Although film noir is a male fantasy approached from a phallocentric cultural viewpoint in which women are always defined in relation to men, according to Janey Place, this era also marks “one of the few periods of film in which women are active, […] intelligent and powerful, if destructively so, and derive power, not weakness, from their sexuality” (35). The two opposing female archetypes of film noirs, “the overtly sexual, liberated noir woman” known as the femme fatale, and “the asexual, innocently angelic, infantile woman,” can easily be distinguished (Cristian 88). As Place explains, the femme fatale’s alter ego, “the virgin, the mother, the innocent, the redeemer,” does not have “access to her own sexuality (and thus to men’s) and the power that this access” would provide her with (Place 35-36), and so not only remains visually and narratively passive but also fails to create a functional traditional family (50). The femme fatale’s power “is emphasised by the general passivity and impotence which characterises the film noir male” (54), which in turn evokes both desire and castration anxiety in him (Doane 45), and leads to her destruction as “a desperate reassertion of control on the part of the threatened male subject” (2). Although femme fatales, characterized by the quality of “to-be-looked-at-ness” (46), are shown from the male character’s viewpoint that directs the viewer’s gaze as well, their “dominance in composition, angle, camera movement and lighting” at the same time reinforce their strength. What is more, their sexual and violent image featuring partial close-ups of long legs, cigarettes and guns even signify their “‘unnatural’ phallic power” (Place 45). According to Mary Ann Doane’s proposition, the femme fatale’s power, shifting between activity and passivity, lies in her “body which is itself given agency independently of consciousness,” and which, even despite its visibly sexual nature, is, similarly to the redeemer’s, the “antithesis of the maternal” (2).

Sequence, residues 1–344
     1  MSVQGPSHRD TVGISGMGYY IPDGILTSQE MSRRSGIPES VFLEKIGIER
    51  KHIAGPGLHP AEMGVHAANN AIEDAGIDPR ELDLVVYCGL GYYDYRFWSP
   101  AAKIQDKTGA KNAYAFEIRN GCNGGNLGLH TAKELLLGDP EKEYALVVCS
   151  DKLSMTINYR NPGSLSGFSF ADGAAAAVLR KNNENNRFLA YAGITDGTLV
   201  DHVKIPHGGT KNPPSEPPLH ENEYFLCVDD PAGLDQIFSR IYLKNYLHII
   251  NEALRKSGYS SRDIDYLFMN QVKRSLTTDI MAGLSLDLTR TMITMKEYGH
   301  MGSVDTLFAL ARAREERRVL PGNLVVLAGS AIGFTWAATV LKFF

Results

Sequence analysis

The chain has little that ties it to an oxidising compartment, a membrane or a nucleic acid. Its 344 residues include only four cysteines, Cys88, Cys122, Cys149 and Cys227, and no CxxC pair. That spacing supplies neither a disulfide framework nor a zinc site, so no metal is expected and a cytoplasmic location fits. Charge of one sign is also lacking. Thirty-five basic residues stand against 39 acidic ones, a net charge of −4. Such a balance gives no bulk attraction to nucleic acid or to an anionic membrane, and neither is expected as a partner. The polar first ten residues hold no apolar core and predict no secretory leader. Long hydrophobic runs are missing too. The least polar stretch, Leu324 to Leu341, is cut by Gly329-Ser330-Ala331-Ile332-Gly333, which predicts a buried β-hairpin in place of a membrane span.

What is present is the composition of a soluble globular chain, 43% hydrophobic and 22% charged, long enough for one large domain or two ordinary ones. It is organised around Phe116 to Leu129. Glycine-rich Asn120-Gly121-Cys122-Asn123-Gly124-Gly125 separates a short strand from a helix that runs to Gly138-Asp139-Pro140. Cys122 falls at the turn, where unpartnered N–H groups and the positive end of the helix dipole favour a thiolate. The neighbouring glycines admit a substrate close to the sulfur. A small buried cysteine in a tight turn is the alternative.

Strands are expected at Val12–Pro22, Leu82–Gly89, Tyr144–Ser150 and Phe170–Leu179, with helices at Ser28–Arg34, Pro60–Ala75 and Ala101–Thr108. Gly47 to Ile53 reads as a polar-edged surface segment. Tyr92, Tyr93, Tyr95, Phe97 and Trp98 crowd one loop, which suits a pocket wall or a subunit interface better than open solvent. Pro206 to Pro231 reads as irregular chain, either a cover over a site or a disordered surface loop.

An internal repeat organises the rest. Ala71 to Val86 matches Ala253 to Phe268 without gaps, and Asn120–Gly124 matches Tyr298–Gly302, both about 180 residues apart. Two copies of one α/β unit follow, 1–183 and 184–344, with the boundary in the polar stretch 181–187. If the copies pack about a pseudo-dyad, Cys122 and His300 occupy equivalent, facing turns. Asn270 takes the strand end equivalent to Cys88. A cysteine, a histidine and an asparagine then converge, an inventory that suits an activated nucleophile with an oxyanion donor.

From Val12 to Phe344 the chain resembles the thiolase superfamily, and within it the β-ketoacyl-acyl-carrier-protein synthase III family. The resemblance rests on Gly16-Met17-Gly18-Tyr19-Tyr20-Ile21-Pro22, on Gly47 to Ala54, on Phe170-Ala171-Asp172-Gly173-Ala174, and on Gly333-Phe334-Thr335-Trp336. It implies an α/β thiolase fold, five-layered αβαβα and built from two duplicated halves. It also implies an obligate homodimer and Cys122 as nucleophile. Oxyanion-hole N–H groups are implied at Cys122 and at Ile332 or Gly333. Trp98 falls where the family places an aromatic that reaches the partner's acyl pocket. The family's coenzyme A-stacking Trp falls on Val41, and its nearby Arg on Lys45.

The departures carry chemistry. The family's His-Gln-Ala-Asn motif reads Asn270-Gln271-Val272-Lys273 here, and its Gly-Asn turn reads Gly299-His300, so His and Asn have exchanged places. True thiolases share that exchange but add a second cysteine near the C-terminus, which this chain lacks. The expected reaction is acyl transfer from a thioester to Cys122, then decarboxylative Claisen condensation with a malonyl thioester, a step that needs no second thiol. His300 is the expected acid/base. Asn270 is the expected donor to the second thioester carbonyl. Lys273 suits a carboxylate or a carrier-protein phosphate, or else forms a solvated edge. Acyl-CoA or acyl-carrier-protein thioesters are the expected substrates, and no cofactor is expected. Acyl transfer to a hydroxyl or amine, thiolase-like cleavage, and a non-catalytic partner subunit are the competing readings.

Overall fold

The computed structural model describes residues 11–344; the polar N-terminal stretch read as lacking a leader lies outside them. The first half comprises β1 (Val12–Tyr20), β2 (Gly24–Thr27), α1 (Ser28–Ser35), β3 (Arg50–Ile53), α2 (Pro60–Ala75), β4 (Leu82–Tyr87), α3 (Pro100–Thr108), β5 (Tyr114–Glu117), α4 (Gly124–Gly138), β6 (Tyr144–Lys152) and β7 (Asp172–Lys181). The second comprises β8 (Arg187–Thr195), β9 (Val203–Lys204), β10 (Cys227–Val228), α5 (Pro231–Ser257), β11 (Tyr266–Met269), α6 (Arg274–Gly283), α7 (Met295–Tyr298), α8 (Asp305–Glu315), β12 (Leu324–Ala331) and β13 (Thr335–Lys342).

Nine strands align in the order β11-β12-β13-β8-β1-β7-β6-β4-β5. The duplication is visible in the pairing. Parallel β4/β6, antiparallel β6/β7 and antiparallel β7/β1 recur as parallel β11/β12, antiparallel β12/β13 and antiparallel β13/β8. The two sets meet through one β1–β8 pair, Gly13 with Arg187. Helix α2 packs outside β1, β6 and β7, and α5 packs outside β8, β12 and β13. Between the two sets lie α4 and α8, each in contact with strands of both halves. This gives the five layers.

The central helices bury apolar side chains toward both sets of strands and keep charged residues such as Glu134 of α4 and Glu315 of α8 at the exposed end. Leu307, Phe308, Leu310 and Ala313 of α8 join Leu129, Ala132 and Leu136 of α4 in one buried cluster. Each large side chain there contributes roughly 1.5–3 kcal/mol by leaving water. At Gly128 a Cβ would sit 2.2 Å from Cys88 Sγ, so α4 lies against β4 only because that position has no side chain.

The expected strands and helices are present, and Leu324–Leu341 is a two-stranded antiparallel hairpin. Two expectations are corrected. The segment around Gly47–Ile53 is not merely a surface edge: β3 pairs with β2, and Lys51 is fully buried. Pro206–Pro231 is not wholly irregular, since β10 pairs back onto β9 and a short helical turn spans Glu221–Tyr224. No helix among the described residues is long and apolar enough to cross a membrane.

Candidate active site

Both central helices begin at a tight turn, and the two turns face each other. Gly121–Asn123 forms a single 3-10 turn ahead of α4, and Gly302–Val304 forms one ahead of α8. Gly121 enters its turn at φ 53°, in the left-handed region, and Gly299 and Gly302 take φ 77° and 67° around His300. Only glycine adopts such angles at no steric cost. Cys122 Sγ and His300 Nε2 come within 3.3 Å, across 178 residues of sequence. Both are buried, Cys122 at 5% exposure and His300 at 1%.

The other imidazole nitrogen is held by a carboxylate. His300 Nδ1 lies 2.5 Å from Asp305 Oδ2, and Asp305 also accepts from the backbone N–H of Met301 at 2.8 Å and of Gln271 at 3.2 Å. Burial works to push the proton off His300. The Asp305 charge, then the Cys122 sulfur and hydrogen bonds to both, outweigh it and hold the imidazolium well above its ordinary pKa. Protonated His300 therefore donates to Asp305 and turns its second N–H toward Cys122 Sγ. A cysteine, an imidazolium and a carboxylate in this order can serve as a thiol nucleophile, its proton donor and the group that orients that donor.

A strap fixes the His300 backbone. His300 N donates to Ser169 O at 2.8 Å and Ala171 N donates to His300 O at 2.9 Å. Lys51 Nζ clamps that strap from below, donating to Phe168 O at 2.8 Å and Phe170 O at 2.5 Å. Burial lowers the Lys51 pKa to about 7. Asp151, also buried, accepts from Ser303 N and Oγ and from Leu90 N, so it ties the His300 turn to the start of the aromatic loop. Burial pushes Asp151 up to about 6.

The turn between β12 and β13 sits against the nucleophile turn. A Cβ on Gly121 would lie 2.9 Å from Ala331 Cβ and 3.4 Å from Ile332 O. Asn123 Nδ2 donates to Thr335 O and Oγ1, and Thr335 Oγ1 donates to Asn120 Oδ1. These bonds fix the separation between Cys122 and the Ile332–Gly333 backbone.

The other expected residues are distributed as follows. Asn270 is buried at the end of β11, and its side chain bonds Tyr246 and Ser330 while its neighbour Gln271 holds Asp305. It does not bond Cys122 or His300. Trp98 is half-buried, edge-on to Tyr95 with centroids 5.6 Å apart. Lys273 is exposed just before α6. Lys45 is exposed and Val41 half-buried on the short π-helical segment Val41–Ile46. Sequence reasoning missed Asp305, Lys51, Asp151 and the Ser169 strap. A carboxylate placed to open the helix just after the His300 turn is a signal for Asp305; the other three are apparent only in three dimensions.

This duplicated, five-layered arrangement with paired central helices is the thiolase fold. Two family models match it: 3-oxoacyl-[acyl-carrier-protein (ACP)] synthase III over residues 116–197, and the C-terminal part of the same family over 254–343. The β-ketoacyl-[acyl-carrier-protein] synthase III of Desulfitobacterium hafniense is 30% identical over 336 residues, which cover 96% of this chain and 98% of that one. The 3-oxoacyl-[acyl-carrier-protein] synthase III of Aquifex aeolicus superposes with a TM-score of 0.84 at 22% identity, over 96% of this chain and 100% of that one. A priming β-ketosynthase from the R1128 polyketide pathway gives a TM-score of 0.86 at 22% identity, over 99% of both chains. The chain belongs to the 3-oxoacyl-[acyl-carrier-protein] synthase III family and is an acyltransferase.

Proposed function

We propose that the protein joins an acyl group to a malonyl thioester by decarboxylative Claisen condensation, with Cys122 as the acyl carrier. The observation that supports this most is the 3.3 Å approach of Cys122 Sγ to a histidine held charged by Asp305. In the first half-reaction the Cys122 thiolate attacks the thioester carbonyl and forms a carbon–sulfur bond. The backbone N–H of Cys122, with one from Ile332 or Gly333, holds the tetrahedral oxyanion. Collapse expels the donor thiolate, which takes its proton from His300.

While Donald’s Crime (dir. Jack King, 1945), Duck Pimples (dir. Jack Kinney, 1945), and How to be a Detective (dir. Jack Kinney, 1952) may fit into the open-ended definitions of film noirthey were created in the classical film noir era and make use of many of the characteristic visual and narrative elements of the film noir, they are not true film noirs but animated parodies, or rather pastiches, of the original style. Their aim, similarly to other imitators of film noir, is not to ridicule but merely “to capitalize on a wildly popular trend” (Naremore 200), in this case, by appealing to a mixed audience of children and adults. Though Leonard Maltin states in his introduction to the Donald Duck DVD collection that “not all of the gags in these films would be considered politically correct today,” this is hardly “understandable,” for these should have been regulated according to the Motion Picture Production Code. Authors of the MPPC assumed the existence of an innate moral code in people when they categorized murder, theft, lying and cruelty as “naturally unattractive” to people, and thus rarely needing censorship, as opposed to sex sins, daring thefts and revenge. Similarly, Disney animators must have assumed the innocence of their young audiences, and that they would interpret the displayed “scenes of passion,” including suggestive dancing, “excessive and lustful kissing,” and the numerous methods of crimes and violence, such as murder, theft and the use of firearms, as slapstick comedy. Although there is only one female character in each of these cartoons, they are slightly different versions of the femme fatale stereotype, and thus allow for a thorough and fascinating analysis of women in the Walt Disney Production’s animated noirs.